The 8 Best Film Cameras

by David Em

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Film cameras may have been around longer than digital cameras. However, they’re still great cameras and thrive in natural light.

Close-up of a person holding a Rolleiflex camera.

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1. Olympus OM-1

Olympus OM-1 35mm film camera.
Photo courtesy of Olympus.

The Olympus OM-1 is a manually operated 35mm single-lens reflex camera, which has incredible quality and is compact.

It was originally released in July 1972 as the first product in the OM Series. The name was the M-1, however, Leica asked them to change it since Leica cameras begin with an M.

Due to its lightweight and compact body, the OM-1 is an excellent film camera to take with you on the road.

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2. Canon A-1

Black Canon A-1 film camera.
Photo courtesy of Canon.

The Canon A-1 was released in April 1978, and it was the top-of-the-line cameras in the A-series. It had a fully automatic program mode, aperture-priority, and shutter speed-priority.

Additionally, the AE-1 was released a couple of years earlier (Source: Canon), and is more popular.

Although the AE-1 is more popular, the A-1 has incredible specifications and abilities. It was a sophisticated camera that had all digital controls.

3. Leica MP

Leica MP film camera.
Photo courtesy of Leica.

Leica is known for its superior quality, incredible photos, and beautiful design. The Leica MP is known as the best of the best.

It’s a 100% mechanical camera, as the battery is only required to operate its internal light meter.

It has a clean, all-black look, is compact, and has a quiet shutter. The camera is made of metal, which makes it able to withstand extreme conditions. It’s the perfect camera for street and travel film photography.

4. Minolta X-700

Minolta X-700 film camera.
Photo courtesy of Amazon.

The Minolta X-700 is a 35mm single-lens reflex film camera that was released in 1981. It was the top-of-the-line and last fully manual focus camera by Minolta.

The X-700 has a bright viewfinder, which makes it easier to shoot with. Its only downside is that it doesn’t do well in low light. So, you’re better off using it during the day.

If you’re new to film photography, or would rather spend a couple of hundred dollars instead of thousands, the Minolta X-700 is an excellent choice.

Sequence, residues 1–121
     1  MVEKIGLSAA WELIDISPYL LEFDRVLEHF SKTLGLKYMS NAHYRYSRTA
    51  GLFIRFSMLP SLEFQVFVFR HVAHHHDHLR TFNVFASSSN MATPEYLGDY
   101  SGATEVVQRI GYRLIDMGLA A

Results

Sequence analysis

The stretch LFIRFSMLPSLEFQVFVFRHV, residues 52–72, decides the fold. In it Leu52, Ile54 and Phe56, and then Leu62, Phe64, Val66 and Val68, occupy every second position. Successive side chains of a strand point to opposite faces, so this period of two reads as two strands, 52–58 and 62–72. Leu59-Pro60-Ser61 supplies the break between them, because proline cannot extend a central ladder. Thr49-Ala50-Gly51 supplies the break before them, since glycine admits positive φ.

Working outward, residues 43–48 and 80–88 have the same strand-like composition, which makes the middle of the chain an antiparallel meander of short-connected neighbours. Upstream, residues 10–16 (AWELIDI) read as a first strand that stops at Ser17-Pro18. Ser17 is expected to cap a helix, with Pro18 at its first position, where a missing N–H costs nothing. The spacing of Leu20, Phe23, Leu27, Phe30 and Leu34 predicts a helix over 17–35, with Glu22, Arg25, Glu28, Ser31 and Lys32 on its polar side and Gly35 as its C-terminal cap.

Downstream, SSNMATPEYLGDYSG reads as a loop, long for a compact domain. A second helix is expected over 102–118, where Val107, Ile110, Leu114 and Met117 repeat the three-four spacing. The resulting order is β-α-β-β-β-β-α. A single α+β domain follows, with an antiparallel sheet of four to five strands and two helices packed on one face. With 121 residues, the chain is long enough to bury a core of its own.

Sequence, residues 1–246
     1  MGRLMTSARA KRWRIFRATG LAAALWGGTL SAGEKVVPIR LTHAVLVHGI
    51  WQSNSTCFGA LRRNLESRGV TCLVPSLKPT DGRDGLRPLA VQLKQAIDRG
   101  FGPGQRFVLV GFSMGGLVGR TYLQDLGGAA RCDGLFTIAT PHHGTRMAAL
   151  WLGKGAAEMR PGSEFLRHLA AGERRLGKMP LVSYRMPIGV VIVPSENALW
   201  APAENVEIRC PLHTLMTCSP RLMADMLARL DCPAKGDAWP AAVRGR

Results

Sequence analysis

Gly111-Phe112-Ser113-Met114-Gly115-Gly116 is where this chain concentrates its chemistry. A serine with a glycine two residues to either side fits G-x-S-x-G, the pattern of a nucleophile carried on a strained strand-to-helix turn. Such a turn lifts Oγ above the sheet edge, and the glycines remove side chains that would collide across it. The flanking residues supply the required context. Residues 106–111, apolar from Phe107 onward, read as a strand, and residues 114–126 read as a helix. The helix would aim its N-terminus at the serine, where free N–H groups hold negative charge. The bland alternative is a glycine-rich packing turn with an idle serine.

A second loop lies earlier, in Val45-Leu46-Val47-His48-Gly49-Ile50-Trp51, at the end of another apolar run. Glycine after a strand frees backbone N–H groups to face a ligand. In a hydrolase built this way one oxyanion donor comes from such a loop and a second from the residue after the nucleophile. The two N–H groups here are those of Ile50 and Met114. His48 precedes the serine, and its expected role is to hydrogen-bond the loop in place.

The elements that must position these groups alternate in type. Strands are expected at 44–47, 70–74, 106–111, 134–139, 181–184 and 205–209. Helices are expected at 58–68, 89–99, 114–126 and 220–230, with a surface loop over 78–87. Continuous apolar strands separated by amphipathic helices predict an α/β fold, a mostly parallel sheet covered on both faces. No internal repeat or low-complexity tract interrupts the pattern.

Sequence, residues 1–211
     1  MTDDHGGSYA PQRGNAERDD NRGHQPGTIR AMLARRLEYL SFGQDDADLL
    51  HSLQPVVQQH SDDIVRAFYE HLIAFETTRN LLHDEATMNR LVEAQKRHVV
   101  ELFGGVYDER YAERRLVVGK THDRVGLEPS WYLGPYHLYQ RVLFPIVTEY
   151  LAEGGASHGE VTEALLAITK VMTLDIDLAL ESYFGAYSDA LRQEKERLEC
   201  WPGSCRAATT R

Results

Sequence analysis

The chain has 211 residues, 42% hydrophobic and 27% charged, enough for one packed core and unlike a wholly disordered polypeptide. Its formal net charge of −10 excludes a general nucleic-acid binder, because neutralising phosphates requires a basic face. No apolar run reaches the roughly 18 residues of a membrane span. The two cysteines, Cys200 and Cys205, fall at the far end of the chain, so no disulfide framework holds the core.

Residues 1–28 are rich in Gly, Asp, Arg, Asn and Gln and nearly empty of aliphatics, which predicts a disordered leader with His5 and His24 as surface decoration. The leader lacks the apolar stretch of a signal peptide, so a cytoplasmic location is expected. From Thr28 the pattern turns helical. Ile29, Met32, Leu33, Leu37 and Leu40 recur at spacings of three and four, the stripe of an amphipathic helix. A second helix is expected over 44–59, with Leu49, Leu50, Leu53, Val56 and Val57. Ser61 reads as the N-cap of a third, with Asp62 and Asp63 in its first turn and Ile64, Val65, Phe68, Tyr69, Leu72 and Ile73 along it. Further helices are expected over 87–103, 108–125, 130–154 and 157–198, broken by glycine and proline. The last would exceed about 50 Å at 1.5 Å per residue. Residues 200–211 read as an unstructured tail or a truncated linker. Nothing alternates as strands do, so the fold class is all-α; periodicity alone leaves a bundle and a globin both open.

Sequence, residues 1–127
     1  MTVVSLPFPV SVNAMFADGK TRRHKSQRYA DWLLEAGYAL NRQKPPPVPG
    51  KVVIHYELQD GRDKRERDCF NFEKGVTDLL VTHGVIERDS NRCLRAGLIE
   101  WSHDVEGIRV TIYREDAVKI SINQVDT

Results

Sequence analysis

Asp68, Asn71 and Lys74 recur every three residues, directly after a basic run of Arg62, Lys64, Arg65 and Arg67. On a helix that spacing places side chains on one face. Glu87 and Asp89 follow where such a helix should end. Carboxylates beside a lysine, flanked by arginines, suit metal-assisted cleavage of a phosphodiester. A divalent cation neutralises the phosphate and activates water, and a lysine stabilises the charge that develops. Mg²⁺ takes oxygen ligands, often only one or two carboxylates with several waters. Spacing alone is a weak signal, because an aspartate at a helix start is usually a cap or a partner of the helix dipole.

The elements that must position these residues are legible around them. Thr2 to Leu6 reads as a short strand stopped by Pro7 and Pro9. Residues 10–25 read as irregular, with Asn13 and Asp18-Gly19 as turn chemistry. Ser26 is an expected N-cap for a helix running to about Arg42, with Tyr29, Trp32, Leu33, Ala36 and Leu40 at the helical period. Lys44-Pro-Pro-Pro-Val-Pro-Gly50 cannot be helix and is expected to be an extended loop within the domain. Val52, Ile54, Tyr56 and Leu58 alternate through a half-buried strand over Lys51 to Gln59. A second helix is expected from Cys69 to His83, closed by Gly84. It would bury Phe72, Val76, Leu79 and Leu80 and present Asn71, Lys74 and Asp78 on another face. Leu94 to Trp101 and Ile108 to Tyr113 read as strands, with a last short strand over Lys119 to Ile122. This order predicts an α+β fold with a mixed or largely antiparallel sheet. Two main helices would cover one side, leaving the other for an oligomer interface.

5. Rolleiflex 2.8E

Rolleiflex 2.8 camera.
Photo courtesy of Amazon.

The Rolleiflex 2.8E is a twin-lens reflex (TLR) camera, which means it has two lenses of the same focal length. One lens is used to take the photo, and the other is used for the viewfinder system.

It has a wide and bright screen, which will help you capture excellent photos. It’s also lightweight, has incredible TTL metering, and is simple to use, as it has three controls.

6. Pentax K1000

Pentax K1000 camera.
Photo courtesy of WikiMedia Commons.

Released in 1976, the Pentax K1000 is one of the most widely-known and used cameras. It has a great reputation and can be used with ease due to its simplistic design.

It’s completely mechanical, which means it doesn’t need a battery to run. Since it was stripped down to the necessities to save costs, it’s missing features, such as self-time and viewfinder information.

Although it doesn’t have some features that other film cameras have, it’s an excellent camera to have and is recommended by many instructors.

Additionally, it’s a great camera to learn manual focus with.

7. Nikon F6

Nikon F6 camera.
Photo courtesy of Nikon.

Nikon connects old-school with modern through the Nikon F6, which is its flagship film camera. If you haven’t used a film camera before, the F6 is a good choice because many of the features are similar to that of a DSLR.

It’s also equipped with an 11-area autofocus system for high-speed and accurate autofocus.

The F6 feels comfortable to hold, and is quiet. It’s beautifully designed, and can still be purchased as a new item in some places.

8. Polaroid SX-70

Polaroid SX-70 instant film camera.
Photo courtesy of Polaroid.

Polaroid’s SX-70 was the first instant single-lens reflex camera and is one of the most iconic cameras.

With the SX-70, you’ll be manually focusing with the focus wheel. You can get as close as 10.4 inches to your subject, which is a great feature.

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Featured image courtesy of Unsplash.

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